PHOTOM

Perform aperture photometry

Description:

PHOTOM performs photometry. It has two basic modes of operation; using an interactive display to specify the positions for the measurements, or obtaining those positions from a file. In both modes the user may perform photometry using either the traditional aperture method or using optimal extraction.

During aperture photometry the aperture can either be circular or elliptical and the size and shape can be varied interactively on the display, or by entering values from the keyboard or parameter system. During optimal extraction the mask clipping radius can also be varied from the keyboard or via the parameter system. The background sky level can be sampled interactively by manual positioning of the aperture, or automatically from an annulus surrounding the object.

PHOTOM is a menu driven application. The menu has been designed around single character entries, which hopefully have easily remembered mnemonics. Many of the options have counterparts in the parameter system, and so can be controlled outside the task by the environment.

Parameters:

ANGLE = _REAL (Read)
The orientation of the ellipse defining the aperture. This is defined in degrees going anti-clockwise from the positive y-axis. This is equivalent to a position angle.
BIASLE = _REAL (Read)
The level in data units per pixel of any constant offset in the image. This should be defined if the errors are to be calculated from photon statistics. If the true value is unknown use a value of 0.
CENTRO = _LOGICAL (Read)
Centre the object before measurement or accept the given position as the centre of the aperture. This is forced to be true for optimal extraction.

If this is TRUE the aperture is centered around the object of interest before the measurement is taken. The position supplied to the program (interactively or from a file of positions) is taken as a starting point and the position of maximum flux is located within a search box of fixed size.

If this is FALSE the position supplied to the program is used as the centre of the aperture.

CLIP = _REAL (Read)
The clipping radius used for the weight mask if optimal photometry is selected. Not to be confused with the mask used to exclude regions from the background estimate (USEMASK parameter)
COMMAND = _CHAR (Read)
The next action. The options are defined by single letter entries and should be one of the following:
A(nnulus) — This toggles between using an annular background aperture and an interactive aperture.
C(entroid) — This switches the centroiding of the object in the aperture on and off.
E(xit) — This command terminates the current PHOTOM session.
F(ile of positions) — This command takes positions from a file and performs photometry with the current aperture parameters.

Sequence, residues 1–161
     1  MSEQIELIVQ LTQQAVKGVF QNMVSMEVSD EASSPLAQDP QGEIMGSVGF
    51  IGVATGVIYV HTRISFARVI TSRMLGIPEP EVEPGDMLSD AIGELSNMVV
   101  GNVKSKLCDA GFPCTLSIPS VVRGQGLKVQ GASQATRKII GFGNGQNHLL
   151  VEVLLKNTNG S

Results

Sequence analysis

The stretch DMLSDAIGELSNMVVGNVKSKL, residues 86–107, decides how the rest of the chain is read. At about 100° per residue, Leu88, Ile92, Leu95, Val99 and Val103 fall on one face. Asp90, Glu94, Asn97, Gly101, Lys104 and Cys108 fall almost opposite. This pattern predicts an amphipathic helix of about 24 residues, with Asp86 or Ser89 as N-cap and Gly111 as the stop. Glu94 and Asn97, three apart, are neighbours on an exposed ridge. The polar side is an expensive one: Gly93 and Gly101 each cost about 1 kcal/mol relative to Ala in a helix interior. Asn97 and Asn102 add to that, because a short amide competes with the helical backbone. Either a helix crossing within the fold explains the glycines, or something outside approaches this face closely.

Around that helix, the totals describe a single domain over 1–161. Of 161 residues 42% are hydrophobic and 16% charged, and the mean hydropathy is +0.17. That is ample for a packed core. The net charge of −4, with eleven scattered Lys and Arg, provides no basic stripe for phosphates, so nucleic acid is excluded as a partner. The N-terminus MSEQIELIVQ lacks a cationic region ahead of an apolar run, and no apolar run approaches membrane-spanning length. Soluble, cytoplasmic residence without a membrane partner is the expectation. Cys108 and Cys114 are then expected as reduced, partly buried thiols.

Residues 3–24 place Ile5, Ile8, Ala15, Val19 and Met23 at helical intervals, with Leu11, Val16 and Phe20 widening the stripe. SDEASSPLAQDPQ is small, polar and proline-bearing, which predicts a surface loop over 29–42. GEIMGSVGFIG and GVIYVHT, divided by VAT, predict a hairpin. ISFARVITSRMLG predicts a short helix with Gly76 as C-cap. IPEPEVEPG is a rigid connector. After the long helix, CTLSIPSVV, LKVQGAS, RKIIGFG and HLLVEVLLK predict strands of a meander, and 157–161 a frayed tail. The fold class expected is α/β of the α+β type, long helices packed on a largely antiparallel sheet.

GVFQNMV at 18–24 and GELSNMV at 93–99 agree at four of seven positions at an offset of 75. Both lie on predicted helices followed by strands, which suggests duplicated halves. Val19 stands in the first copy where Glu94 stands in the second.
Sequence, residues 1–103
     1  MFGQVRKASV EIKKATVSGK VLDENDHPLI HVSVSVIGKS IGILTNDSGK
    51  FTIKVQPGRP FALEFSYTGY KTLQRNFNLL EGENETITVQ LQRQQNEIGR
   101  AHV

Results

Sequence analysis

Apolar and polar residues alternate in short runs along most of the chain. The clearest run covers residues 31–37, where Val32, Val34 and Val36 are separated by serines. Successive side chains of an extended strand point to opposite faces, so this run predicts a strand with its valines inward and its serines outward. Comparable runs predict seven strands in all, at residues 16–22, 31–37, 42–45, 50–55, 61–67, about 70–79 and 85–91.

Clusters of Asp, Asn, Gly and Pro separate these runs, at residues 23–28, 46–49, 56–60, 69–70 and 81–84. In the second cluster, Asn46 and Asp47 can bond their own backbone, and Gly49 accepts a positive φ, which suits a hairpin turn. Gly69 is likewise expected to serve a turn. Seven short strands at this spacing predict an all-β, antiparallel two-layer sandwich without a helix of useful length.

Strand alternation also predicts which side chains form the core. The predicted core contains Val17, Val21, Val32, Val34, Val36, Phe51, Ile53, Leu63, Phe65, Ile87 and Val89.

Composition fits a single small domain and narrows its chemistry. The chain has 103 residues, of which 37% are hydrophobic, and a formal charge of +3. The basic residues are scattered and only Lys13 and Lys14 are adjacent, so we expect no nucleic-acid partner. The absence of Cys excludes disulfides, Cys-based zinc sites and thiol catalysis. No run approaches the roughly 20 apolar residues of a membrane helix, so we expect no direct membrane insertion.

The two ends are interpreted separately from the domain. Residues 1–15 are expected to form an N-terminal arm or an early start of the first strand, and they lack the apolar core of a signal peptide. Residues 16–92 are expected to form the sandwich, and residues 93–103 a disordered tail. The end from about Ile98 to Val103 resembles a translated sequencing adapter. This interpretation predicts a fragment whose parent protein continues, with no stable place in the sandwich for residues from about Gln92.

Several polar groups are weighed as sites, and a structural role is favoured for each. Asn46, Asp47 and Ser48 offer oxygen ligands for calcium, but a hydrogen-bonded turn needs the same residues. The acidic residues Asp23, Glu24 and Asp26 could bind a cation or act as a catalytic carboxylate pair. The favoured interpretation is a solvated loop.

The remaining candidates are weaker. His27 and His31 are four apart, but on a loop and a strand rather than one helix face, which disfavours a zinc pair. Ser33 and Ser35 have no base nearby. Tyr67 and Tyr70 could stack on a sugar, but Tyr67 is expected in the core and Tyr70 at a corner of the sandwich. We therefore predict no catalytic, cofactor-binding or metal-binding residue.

H(elp) — This displays a brief line of help for each command.
I(nteractive shape) — This allows the size and shape of the aperture to be adjusted interactively on the screen.
M(easure) — This performs interactive measurements of objects individually selected from the screen.
N(on-interactive shape) — The size and shape of the aperture (in pixels) is entered from the keyboard.
O(ptions) — This allows some of the defaulted parameters to be changed from within the program.
P(hoton statistics) — This selects the method for calculating the errors: either from photon statistics, or from the measured variance in the sky aperture or from the variance component of the data array.
S(ky) — This selects between the different methods of estimating the background level in the sky aperture.
V(alues) — This summarizes the current settings of the programs parameters.
(e)X(traction) — Toggle between doing optimal and aperture photometry.

CONCEN = _LOGICAL (Read)

Find the sky automatically from a concentric aperture or select the sky regions interactively.

If this is TRUE the sky level is estimated from an aperture which is concentric about the object aperture. The shape and orientation of the sky aperture is the same as the object aperture and the size of the annular aperture is defined by the INNER and OUTER parameters. This mode is used if the measurement positions are being supplied from a file. This is the recommended mode for carrying out optimal extraction.

If this is FALSE the sky level is estimated from an aperture equal in size and shape to the object aperture, which is positioned manually on the image display. In this mode several consecutive sky measurements can be made around the object of interest and these are averaged to give the final sky estimate.

DEVICE = DEVICE (Read)
The name of the device to be used for interactive measurements on which the data has been displayed. If the device has an overlay plane then this should be selected.
ECCEN = _REAL (Read)
The eccentricity of the ellipse defining the aperture. For a circular aperture this should be set to 0.0.
EXSOURCE = LITERAL (Read)
The “source” of the image exposure time supplied via the ETIME parameter. This can take one of the values, HDS, CONSTANT or HEADER, with the following meanings:
HDS: indicates that the exposure value is stored in an HDS object somewhere in the image (this presumes that the image is an NDF and corresponds to the original behaviour of PHOTOM, prior to the introduction of this parameter).
CONSTANT: indicates that a simple floating point value will be supplied for the image exposure time.
HEADER: indicates that the value to be used is stored in the image header (i.e. FITS headers).

[HDS]

ETIME = LITERAL (Read)
A string that, according to the value returned for parameter EXSOURCE, allows the exposure time of the image to be determined. If EXSOURCE is defined as:
HDS: